College of Education Theses and Dissertations

Date of Award

11-2003

Degree Type

Dissertation

Degree Name

Doctor of Education (EdD)

Department

College of Education, Doctoral Program

First Advisor

Murray, Christopher

Second Advisor

Taccarino, John

Third Advisor

Owens, Roxanne

Abstract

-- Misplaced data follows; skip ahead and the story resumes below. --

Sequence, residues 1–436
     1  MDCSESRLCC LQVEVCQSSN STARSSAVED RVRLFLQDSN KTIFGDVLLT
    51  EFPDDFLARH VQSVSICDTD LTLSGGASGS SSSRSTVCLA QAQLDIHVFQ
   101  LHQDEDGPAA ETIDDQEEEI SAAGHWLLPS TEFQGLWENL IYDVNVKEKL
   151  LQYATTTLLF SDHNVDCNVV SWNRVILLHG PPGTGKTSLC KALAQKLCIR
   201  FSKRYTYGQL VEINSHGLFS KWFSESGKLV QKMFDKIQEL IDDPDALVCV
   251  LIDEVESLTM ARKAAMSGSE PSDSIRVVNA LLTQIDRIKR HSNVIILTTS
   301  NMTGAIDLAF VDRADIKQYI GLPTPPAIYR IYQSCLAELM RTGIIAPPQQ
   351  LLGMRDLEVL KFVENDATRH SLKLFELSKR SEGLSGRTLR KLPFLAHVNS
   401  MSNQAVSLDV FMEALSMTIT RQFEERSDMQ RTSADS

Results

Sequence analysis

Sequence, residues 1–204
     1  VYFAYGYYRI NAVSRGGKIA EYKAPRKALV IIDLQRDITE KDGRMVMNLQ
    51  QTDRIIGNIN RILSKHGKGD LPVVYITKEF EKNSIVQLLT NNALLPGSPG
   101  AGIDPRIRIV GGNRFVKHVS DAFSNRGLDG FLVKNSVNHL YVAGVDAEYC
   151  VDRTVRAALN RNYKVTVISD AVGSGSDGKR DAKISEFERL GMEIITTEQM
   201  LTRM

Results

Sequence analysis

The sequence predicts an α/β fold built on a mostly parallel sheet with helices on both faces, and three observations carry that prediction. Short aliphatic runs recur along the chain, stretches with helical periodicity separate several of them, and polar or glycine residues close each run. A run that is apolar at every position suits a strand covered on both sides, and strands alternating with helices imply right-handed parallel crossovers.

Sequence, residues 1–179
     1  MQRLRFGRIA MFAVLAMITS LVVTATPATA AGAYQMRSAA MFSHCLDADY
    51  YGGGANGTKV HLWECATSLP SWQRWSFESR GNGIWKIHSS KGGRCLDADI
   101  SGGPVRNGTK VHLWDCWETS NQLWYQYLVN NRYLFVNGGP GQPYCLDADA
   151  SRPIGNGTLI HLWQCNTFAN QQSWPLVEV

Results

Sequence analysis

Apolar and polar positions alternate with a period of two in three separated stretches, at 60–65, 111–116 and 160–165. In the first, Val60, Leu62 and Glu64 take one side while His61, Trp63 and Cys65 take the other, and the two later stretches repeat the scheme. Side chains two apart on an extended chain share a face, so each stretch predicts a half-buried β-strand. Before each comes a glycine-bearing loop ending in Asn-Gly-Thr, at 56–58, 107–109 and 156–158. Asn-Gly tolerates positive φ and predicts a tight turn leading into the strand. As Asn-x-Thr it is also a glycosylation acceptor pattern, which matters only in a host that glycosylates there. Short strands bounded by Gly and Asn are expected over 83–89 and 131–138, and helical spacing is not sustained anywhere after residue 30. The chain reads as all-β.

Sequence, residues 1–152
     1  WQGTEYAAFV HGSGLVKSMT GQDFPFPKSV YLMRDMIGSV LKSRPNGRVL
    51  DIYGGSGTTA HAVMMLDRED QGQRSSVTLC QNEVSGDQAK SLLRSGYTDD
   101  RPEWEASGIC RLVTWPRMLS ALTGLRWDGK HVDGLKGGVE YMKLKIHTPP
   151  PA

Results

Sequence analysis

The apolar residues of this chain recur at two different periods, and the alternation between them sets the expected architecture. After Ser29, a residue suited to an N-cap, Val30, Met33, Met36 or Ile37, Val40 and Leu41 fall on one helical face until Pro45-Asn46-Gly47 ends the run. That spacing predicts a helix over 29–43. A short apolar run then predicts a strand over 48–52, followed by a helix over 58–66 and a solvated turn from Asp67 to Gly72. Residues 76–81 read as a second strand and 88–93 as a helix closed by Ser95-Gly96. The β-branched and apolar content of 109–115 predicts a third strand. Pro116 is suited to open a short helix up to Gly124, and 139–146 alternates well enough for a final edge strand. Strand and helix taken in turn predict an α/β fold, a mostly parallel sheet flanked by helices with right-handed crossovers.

This quasi-experimental study examined the effects of consistent school-to-home communication on homework completion, project completion, grades, attendance, student engagement, student behavior, and student attitude toward homework. Three high school English composition teachers reported data from a sample of 121 sophomores, who completed a pre- and post-survey, the Student Survey of Homework Practices. Each teacher taught a control and treatment class in which communication with the home was increased through phone calls home and weekly notes sent home with students. The post-test analyses by group found that students in the treatment group significantly decreased the amount of homework planning they did. Post-test analyses by teacher found that students in two of the control groups reported significantly more problems with forgetting materials for homework and procrastination. Post-test analyses by teacher also revealed some of the possible detrimental effects that negative behavior can have on academic-related measures. In addition, the teachers' fidelity of implementation during this study proved to be an obstacle that future researchers will have to address.

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